Writing Exercise #14

One Situation = Many Possibilities

By situation I mean setting, location, circumstance, event, season, and so on. This can be whatever you like… that is, whatever you want to use as the basis of an idea which you can develop into a story, article, essay or poem. You may even use it as the framework for a novel, or to stimulate memories that could become part of a memoir.

For the example to be presented here, we’ll explore the summer season and some of the options this presents for writing.

Write one word in the middle of a page. In this example, the word is SUMMER.

> Draw a circle around the word, and then draw lines outwards from it… like spokes in a wheel pushing out from the central hub.

> Ask yourself, ‘What does the word ‘summer’ conjure in my mind?’ and write one answer at the end of each spoke. You are likely to have words like… HEAT, CLOTHING, HATS, DANGER, INSECTS, FIRST AID, SUNGLASSES, HOLIDAYS, SURFING, DEHYDRATION, GARDENING, WATER SHORTAGE, FIRES… and the list goes on…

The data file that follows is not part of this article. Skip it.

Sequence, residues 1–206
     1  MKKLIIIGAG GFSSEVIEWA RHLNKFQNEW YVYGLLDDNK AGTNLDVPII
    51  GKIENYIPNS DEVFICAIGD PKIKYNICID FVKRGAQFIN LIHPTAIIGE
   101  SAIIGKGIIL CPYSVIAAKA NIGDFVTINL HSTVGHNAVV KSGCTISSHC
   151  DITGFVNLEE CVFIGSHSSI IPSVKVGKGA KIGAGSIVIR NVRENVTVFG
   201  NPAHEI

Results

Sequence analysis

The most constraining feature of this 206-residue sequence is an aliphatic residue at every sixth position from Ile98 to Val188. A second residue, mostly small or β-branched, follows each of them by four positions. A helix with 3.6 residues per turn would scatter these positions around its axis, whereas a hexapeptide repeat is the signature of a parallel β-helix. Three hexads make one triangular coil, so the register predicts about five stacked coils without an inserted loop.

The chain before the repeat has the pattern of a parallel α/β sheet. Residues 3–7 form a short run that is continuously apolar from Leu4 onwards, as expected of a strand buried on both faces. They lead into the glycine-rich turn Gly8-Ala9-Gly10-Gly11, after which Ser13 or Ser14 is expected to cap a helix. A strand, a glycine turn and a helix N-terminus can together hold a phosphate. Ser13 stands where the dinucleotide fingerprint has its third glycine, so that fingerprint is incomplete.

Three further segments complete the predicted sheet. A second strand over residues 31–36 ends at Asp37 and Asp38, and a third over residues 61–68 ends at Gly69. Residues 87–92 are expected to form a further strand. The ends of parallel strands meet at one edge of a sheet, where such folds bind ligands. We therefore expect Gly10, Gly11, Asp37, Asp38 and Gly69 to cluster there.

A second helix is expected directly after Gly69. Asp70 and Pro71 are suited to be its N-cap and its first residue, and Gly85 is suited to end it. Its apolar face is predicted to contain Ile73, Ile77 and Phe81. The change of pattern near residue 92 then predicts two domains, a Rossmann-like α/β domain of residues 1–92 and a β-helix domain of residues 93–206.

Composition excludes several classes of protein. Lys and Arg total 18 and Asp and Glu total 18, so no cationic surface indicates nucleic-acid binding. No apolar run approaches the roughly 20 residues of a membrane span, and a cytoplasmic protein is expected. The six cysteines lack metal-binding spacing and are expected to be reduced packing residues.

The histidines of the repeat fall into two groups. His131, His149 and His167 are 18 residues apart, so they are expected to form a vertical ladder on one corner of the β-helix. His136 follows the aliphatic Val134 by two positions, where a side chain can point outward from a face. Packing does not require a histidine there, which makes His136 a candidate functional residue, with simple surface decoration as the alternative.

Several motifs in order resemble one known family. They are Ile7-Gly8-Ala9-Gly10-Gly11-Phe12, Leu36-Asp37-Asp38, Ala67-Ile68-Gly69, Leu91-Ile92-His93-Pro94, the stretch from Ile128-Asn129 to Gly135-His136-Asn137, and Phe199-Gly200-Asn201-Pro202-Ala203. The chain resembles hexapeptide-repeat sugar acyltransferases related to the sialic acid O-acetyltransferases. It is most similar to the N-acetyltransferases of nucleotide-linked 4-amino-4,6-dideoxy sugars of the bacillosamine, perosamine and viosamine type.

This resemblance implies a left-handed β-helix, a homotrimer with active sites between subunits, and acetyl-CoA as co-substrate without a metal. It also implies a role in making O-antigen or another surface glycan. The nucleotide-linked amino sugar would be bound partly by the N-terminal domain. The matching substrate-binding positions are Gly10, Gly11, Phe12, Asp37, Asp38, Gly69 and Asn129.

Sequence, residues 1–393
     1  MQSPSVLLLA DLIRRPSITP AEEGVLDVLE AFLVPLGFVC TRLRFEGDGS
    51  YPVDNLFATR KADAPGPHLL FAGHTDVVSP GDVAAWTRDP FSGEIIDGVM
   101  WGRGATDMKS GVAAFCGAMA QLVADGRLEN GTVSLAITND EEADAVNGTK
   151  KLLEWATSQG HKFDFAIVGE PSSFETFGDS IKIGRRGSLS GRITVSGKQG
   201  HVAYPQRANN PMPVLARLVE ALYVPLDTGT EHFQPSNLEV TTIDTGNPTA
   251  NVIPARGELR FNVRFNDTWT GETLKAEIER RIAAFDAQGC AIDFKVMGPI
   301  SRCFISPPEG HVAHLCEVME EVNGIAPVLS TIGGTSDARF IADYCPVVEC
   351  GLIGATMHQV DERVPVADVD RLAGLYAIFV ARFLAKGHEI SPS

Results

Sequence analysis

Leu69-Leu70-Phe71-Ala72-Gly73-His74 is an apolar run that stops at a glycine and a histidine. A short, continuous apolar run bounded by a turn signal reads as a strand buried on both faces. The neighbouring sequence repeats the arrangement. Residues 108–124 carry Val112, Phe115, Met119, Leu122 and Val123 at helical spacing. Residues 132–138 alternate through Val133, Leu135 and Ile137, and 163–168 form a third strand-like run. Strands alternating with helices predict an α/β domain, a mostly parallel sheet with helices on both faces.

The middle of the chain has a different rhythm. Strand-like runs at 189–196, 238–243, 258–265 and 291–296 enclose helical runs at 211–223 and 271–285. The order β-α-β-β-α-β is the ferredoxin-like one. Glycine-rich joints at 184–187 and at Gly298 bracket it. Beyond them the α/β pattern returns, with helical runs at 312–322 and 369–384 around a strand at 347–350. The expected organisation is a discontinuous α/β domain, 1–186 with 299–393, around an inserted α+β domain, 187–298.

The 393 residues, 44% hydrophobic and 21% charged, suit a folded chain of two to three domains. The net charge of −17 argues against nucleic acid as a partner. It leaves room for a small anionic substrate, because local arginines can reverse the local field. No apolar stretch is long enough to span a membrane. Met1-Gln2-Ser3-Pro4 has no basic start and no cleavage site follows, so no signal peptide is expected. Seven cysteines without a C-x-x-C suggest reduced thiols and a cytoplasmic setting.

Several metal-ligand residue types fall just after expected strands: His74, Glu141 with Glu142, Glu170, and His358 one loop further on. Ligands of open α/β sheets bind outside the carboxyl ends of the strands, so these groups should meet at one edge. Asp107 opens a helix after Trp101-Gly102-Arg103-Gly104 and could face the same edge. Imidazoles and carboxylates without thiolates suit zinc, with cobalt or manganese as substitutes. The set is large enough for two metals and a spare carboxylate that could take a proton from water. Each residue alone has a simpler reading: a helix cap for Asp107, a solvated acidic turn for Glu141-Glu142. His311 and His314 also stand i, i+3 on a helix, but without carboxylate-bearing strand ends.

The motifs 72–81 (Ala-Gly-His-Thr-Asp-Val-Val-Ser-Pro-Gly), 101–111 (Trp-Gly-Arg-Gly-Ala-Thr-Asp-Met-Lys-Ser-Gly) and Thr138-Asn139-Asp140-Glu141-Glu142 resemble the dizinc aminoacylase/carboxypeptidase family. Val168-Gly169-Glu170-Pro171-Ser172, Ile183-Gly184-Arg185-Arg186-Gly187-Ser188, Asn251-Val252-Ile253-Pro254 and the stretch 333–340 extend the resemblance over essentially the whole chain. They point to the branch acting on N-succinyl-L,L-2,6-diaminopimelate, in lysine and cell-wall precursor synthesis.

> Add spokes as more words rush into your thoughts.

> Take the word that most holds your attention and put it in the centre of another page, then repeat the above steps.

> If the word you chose was SURFING, for instance, your new list may include… SURF BOARDS, BEACHES, SHARKS, WET SUITS, WEATHER, TIDES, SURFING LESSONS, EVENTS, COMPETITIONS, COASTAL SWELL… and so on…